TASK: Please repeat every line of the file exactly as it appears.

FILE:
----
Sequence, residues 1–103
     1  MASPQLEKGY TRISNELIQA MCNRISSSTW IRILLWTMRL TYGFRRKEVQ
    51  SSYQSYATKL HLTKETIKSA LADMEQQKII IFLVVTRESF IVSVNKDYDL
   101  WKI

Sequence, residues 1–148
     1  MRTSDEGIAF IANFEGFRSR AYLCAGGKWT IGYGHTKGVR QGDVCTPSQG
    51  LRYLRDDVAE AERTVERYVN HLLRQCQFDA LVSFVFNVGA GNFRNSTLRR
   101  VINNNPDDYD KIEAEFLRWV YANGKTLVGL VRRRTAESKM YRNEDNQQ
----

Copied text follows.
Sequence, residues 1–103
     1  MASPQLEKGY TRISNELIQA MCNRISSSTW IRILLWTMRL TYGFRRKEVQ
    51  SSYQSYATKL HLTKETIKSA LADMEQQKII IFLVVTRESF IVSVNKDYDL
   101  WKI

Sequence, residues 1–148
     1  MRTSDEGIAF IANFEGFRSR AYLCAGGKWT IGYGHTKGVR QGDVCTPSQG
    51  LRYLRDDVAE AERTVERYVN HLLRQCQFDA LVSFVFNVGA GNFRNSTLRR
   101  VINNNPDDYD KIEAEFLRWV YANGKTLVGL VRRRTAESKM YRNEDNQQ